I asked a client this same question recently, and she didn’t know what I was talking about, so I decided to explain.
On May 21, 1927, Charles Lindbergh landed his plane The Spirit of St. Louis near Paris, thereby completing the first ever solo airplane flight across the Atlantic Ocean.
As he prepared to make this historic flight from New York to Paris, he had to make the same decisions as if he were running a business, he had to decide what to take with him. He had to choose between those things that he felt he needed and those things that everybody else told him he needed and would make the trip more comfortable.
To help him decide he put everything he had planned to take into two areas:
Those that would make his journey more comfortable.
Those that would increase his chances of reaching his target, Paris.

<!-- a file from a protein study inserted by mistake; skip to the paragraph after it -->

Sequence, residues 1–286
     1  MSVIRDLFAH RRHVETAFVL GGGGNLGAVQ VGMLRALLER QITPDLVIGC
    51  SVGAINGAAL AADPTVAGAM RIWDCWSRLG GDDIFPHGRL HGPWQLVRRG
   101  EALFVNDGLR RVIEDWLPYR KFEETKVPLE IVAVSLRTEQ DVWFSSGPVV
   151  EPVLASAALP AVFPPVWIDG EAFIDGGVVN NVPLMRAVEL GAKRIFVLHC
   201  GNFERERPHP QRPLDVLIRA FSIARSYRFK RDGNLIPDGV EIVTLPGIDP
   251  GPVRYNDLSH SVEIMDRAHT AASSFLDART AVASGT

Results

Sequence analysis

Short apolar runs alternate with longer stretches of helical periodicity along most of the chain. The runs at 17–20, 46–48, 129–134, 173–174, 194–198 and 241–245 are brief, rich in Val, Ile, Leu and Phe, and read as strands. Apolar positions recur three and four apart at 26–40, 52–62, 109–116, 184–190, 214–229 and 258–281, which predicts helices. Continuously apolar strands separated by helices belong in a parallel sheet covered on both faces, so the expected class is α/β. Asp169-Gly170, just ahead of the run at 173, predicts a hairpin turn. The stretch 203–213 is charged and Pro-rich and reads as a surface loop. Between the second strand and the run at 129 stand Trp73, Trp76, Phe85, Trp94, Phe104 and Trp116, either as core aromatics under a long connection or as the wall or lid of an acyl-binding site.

As you can imagine weight was a real problem and he had a choice. For example, he could take a little extra petrol with him, which would increase his safety, or he could take a compass, which would increase his chances of finding and eventually reaching Paris.
Whenever he was faced with a decision of this type, he always chose the solution that would increase his chances of reaching Paris, therefore he chose the compass rather than extra petrol.
This is what I call The Lindbergh Walk. Do this regularly, look at all your expenses and split them between those that are Comfort Expenses and those that increase the chances reaching your target.
You should now have two lists, Comfort Expenses and Target Expenses.
The aim of The Lindbergh Walk is to reduce your Comfort Expenses, as they take money out of your system, and use the cash generated from this to increase your Target Expenses.
By reducing your Comfort Expenses you are benefiting your cash flow.